Philippines hopes to boost cooperation with US in mining and batteries

September 24, 2023 - 3:00 PM
: Enrique Manalo, Secretary of Foreign Affairs of Philippines, speaks during the Sustainable Development Goals (SDG) Summit at United Nations headquarters in New York City, New York, U.S., September 18, 2023. (Reuters/Caitlin Ochs/File Photo)

 The Philippines is eager to expand economic cooperation with the United States, particularly in critical minerals and production of battery components, Philippines Foreign Minister Enrique Manalo said on Friday.

Manalo, in New York for the annual U.N. General Assembly gathering of world leaders, told an event hosted by the Asia Society that economic cooperation with the United States should keep pace with bilateral defense-related activities.

“One area is critical minerals, where we also hope to increase our cooperation,” he said.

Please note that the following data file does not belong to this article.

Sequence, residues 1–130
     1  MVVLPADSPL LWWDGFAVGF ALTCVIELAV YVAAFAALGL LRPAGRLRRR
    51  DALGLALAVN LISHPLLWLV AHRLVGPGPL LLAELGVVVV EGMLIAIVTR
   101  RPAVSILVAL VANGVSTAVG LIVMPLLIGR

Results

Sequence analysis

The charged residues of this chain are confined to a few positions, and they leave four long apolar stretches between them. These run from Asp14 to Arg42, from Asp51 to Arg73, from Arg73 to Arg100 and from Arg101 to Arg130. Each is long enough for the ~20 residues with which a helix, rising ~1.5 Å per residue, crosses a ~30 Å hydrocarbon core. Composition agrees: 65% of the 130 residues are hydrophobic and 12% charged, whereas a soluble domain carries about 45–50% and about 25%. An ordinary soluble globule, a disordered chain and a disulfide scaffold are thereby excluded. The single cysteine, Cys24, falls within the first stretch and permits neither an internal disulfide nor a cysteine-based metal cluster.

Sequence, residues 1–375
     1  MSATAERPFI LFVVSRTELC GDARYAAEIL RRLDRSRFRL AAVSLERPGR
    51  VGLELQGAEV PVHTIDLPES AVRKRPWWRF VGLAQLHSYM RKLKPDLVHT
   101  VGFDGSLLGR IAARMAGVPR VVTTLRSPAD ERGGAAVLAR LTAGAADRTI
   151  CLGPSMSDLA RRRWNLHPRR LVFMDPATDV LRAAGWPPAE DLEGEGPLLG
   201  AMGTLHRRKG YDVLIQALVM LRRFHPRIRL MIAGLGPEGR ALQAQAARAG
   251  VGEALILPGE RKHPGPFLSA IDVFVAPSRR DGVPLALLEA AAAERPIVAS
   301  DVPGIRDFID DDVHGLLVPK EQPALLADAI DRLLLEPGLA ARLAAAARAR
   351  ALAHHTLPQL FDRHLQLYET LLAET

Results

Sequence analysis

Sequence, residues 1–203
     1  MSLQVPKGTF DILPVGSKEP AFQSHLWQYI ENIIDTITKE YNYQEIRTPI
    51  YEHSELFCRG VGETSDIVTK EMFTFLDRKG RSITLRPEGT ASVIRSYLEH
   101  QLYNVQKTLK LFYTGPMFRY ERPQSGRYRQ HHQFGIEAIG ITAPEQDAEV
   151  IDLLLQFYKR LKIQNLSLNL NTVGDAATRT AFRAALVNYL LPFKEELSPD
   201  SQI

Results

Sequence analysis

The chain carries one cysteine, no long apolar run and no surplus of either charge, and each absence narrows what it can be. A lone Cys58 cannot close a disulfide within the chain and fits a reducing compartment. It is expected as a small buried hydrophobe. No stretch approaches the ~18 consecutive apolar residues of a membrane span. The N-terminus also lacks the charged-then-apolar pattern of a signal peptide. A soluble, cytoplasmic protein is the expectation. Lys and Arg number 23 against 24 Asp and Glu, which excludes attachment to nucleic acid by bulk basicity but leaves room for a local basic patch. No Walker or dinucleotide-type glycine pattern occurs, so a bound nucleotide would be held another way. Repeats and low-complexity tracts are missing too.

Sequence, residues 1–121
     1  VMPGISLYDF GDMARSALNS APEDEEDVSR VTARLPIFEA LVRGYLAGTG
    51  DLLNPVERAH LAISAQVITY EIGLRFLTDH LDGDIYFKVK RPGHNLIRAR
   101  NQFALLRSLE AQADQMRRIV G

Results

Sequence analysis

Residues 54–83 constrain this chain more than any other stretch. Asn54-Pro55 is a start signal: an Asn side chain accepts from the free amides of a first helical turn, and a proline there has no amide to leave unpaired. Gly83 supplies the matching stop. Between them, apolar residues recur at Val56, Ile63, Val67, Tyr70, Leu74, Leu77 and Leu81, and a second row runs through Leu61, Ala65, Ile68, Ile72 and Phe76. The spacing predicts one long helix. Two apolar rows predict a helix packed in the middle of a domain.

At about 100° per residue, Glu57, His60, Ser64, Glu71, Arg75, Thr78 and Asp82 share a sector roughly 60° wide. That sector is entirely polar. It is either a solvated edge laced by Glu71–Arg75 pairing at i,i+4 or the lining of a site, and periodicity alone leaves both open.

Manolo said the Philippines wanted to increase the presence of mining companies in the Philippines, and encourage production of battery components.

“In other words, we want to increase the manufacturing in the Philippines, rather than simply export our minerals to other countries,” he said.

“We would like to keep them at home and encourage investment in the manufacturing sector, so we could produce the components in the Philippines using our own minerals.”

Manolo said the Philippines looked forward to a visit from a first-ever U.S. presidential trade and investment mission early next year, to coincide with its hosting of the Indo-Pacific Business Forum.

He said Manila hoped this would “foster public private and private partnerships, as well as generate big-ticket projects in priority areas.”

Manolo said the Philippines saw the March agreement between the United States and Japan on critical minerals as a model and added, “we’re very much interested in that.”

The Philippines mining sector is vastly underdeveloped, and the Manila government said on Tuesday it would step up support for the local mining industry via exploration activities starting next year to identify more areas where critical minerals such as nickel and chromium can be extracted.

— Reporting by David Brunnstrom; editing by Jonathan Oatis